“Not even tracks or scat according to the scout I had with me. But I did see cattle being led away in the night from farmsteads.”

“Robbers?”

“Don’t think so. They only ever took two or three at a time.”

“Repeated offence then.”

Damien nodded and put down his mug. “I reckoned it was to avoid paying his good behaviour fine.”

Brent cocked at eyebrow at him. “You knew about that?”

“Aye. It isn’t exactly a state secret, you know. Guards talk and so do innkeepers who check public records.” Brent grunted and ran a hand through his hair. “I wanted to give him another chance; do it right, help out a person I considered to be honourable.”

“More fool you then,” remarked Damien flippantly. Brent looked unimpressed. “Sorry.” Brent waved his apology away.

“Don’t be. I appreciate the honesty.”

 

“The thing is, Jules and me, we can’t work out how the cattle are getting out of the state without being noticed. We’re not that big and with all the natural land barriers...”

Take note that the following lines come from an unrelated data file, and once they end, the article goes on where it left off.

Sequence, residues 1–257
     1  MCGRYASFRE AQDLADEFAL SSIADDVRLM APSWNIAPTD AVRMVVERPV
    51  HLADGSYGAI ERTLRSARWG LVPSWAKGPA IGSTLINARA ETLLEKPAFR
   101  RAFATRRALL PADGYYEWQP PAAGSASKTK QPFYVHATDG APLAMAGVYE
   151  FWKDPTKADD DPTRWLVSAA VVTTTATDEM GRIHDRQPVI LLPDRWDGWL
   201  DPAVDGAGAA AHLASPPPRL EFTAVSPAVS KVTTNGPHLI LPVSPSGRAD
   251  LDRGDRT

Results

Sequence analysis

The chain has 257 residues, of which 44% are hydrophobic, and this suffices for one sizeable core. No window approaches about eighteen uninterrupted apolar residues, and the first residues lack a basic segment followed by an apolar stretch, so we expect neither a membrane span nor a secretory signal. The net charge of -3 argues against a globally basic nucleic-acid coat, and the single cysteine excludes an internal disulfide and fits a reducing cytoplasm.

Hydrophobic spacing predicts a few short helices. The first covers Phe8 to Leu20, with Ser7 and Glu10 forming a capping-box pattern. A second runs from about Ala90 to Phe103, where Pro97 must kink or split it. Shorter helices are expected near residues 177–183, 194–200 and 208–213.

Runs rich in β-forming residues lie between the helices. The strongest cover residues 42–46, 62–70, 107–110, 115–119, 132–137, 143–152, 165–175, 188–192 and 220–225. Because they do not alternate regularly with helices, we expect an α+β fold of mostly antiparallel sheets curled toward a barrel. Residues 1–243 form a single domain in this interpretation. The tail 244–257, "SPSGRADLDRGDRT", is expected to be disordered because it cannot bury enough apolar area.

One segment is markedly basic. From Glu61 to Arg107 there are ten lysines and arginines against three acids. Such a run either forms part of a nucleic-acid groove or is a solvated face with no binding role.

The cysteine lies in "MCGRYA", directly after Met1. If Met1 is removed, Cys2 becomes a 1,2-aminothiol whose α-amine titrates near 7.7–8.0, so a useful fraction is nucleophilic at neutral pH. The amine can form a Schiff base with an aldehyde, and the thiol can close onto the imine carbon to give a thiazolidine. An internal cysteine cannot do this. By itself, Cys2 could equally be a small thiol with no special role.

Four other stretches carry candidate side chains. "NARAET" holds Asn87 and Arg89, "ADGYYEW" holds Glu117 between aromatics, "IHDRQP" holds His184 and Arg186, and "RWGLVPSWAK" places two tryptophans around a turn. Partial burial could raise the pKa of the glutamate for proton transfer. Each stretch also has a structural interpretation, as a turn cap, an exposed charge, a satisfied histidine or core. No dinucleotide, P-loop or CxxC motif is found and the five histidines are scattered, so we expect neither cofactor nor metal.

Brent glanced at the letter. “Where does this fit in?”

“One of the guards found it while patrolling. Handed it to Jules who gave it to me.”

“Why didn’t Culin receive it?”

“No clue. I assume it’s because his boss wants proof before moving on an ex-council member.”

 

Brent opened the envelope and pulled out the letter. His eyes flicked over the contents rapidly before rereading it slowly. “What did you think was here?” he asked, wetting his thumb to separate the two pages that had stuck together in the corner. “I was wondering if you had some writing of Tolin’s, if I could compare the sample and see if it is his.” Parting the pages Brent scanned the writ of sale.

“Staggered delivery over two months. Why not simply move them off side and then bulk sale them?” he queried. Damien shrugged. “Leave this with me. I’ll look around for a piece of Tolin’s writing. I have several of his agricultural reports somewhere. Come back tonight around seven. Bring Jules with you.”